I Fear You Are Wrong

I welcome your editorial “Laity Near the Top?” (2/21), but I fear that as long as we have the celibate hierarchy in Rome calling all the shots, it will never lead to anything positive. The beautiful sayings you quote from Pope John Paul II and Pope Benedict XVI are contradicted by the concrete decisions they have made, including the appointment of loyalist bishops who subscribe to every word coming from the Vatican and the new liturgical translations, to mention only two. They still think that they, not the people, have all the answers.

Tom Lenert

Los Angeles, Calif.

Christ Left No Structure

A couple of the comments posted online concerning your editorial “Laity Near the Top?” (2/21) refer to the “hierarchical structure given to us by Christ.” I cannot think of a Catholic theologian or Scripture scholar who would not contest that statement. The Gospels make no mention of a hierarchical structure. Christ chose Peter, the “rock” on whom the church would be built (that is open to interpretation) and commanded him, “Feed my sheep.” The Acts of the Apostles refer to overseers, which we translate as “bishops,” and elders who presided at the Eucharist, which we translate as “priests,” and servants, whom we call “deacons.” These are functions, not offices exercising power. The hierarchical structure was given by Emperor Constantine in the early fourth century. Much of the structure of the church is adapted from the Roman empire. There is nothing sacred about our structure, which is neither infallible nor unchangeable.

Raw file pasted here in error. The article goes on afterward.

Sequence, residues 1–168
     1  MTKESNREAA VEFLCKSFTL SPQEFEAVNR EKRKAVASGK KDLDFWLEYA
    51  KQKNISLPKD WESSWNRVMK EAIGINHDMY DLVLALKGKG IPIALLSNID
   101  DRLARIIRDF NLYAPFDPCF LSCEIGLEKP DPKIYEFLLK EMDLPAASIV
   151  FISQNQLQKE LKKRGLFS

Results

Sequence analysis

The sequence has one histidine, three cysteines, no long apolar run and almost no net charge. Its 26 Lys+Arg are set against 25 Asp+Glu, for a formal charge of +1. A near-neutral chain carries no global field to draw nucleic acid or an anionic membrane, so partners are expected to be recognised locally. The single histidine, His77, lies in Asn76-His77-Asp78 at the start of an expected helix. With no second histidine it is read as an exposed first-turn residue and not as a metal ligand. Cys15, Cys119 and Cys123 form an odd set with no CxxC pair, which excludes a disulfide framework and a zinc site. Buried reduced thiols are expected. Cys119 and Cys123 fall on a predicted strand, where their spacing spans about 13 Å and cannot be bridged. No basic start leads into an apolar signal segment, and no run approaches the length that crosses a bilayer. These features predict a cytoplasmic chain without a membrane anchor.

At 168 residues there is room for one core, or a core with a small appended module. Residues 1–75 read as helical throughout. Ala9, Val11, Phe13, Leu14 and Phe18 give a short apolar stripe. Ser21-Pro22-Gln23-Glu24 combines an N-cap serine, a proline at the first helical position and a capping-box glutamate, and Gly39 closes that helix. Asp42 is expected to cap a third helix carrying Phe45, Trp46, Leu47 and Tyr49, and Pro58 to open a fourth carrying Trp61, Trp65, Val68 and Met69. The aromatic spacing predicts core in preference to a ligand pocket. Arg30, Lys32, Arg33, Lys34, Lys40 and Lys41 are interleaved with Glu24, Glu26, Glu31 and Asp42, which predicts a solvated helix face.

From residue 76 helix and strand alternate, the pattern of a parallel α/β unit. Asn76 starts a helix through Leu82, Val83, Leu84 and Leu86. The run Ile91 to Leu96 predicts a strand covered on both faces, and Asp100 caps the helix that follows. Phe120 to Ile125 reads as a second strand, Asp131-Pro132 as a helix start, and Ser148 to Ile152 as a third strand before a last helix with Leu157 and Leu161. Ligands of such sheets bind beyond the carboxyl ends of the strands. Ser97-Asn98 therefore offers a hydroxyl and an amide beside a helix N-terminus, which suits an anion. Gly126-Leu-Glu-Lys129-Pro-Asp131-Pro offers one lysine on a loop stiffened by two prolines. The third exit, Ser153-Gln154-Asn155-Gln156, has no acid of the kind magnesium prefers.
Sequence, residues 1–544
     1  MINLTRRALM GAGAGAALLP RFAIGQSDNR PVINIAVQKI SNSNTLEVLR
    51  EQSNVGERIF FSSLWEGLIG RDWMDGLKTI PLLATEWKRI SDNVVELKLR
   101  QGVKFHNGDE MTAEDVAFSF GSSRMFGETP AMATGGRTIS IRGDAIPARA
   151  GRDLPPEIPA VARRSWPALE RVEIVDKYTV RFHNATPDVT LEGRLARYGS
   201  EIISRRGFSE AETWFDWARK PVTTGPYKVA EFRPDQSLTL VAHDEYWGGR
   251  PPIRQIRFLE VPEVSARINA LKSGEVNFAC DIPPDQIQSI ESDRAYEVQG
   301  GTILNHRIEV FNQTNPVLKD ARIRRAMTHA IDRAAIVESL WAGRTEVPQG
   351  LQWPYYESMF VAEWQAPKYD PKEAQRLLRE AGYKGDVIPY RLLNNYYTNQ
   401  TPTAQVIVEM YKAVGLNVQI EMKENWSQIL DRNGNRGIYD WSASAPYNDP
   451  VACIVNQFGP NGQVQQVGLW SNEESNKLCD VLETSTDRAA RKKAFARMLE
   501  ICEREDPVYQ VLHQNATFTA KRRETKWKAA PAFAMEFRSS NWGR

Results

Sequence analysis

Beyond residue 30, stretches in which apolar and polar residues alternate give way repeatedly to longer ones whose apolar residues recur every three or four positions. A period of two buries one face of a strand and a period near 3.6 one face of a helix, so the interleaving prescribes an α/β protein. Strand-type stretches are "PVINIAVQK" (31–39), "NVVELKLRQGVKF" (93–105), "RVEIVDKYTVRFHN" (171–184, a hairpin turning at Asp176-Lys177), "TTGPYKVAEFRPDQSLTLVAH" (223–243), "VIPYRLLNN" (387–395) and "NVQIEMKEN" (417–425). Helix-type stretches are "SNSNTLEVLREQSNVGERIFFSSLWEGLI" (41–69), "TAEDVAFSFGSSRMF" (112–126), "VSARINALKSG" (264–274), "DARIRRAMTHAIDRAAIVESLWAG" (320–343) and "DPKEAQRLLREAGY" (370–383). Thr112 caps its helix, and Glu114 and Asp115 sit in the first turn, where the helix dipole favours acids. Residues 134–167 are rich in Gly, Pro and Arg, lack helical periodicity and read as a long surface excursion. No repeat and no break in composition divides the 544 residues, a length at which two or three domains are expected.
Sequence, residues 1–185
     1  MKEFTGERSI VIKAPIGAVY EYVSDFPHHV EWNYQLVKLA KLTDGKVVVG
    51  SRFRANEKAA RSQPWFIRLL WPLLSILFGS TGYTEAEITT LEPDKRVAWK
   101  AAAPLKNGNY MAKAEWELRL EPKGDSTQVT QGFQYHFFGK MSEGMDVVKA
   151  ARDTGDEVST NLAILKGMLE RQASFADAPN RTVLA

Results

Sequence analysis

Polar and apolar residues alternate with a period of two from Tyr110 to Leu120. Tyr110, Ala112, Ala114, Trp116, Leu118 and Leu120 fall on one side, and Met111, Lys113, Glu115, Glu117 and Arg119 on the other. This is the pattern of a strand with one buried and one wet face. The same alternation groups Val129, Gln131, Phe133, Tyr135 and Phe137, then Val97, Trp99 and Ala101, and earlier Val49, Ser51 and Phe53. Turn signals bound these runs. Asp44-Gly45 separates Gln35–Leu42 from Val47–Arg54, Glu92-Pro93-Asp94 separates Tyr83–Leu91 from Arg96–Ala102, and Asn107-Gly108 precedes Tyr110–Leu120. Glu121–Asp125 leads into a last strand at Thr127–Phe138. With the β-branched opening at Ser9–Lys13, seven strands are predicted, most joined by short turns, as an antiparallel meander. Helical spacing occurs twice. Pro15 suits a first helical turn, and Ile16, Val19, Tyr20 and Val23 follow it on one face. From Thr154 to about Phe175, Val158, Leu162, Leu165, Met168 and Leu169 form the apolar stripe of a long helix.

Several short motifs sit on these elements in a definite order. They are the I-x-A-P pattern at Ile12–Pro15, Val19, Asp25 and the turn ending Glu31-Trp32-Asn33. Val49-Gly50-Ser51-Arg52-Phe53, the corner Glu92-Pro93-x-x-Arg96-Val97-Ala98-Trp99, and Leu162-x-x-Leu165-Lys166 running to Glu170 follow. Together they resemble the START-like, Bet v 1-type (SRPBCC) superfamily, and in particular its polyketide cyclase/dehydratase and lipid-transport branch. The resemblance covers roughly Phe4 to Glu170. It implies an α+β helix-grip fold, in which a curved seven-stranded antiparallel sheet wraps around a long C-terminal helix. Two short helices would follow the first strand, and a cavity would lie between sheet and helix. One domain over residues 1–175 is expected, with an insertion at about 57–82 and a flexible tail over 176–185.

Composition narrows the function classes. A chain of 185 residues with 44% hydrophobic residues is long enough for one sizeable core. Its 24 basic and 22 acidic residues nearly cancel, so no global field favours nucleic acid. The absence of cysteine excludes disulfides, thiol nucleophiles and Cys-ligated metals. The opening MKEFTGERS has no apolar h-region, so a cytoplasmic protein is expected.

Ken Lovasik

Pittsburgh, Pa.

An Old Good Idea

The editorial “Laity Near the Top?” (2/21) reminds me that in the lifetime of many of us, one of the hierarchy’s greatest follies was not listening to Paul VI’s birth control commission, composed of distinguished lay persons, when it handed in its report supporting artificial birth control. The negative domino effect of the decision to reject the report haunts the church today. The life experience of laypersons is an untapped mine of riches that could, over a long period of time, begin to heal much of the damage that has led to the empty pews described in America’s editorial. The idea of a council sharing functions with the College of Cardinals is not new. The Association for the Rights of Catholics in the Church made this proposal 15 years ago.

Mary Louise Hartman

Princeton, N.J.

Say Clearly the War Is Wrong

Blessings on Bishop Robert W. McElroy for his excellent article, “War Without End” (2/21). Would that the bishop might take the next step and declare that the war in Afghanistan is immoral. Bishop Carrol Dozier of Memphis said about Vietnam in 1970 that the only moral alternative was the immediate withdrawal of all American troops. Would that every bishop would provide guidance to our youth not to become part of a professional army. Many Catholic religious leaders share Bishop McElroy’s perspective, but they have not clearly proclaimed this war to be immoral. Perhaps Bishop McElroy can give his fellow bishops the courage to do so.

(Rev.) George J. Kuhn

Yonkers, N.Y.

We Would Help, Except...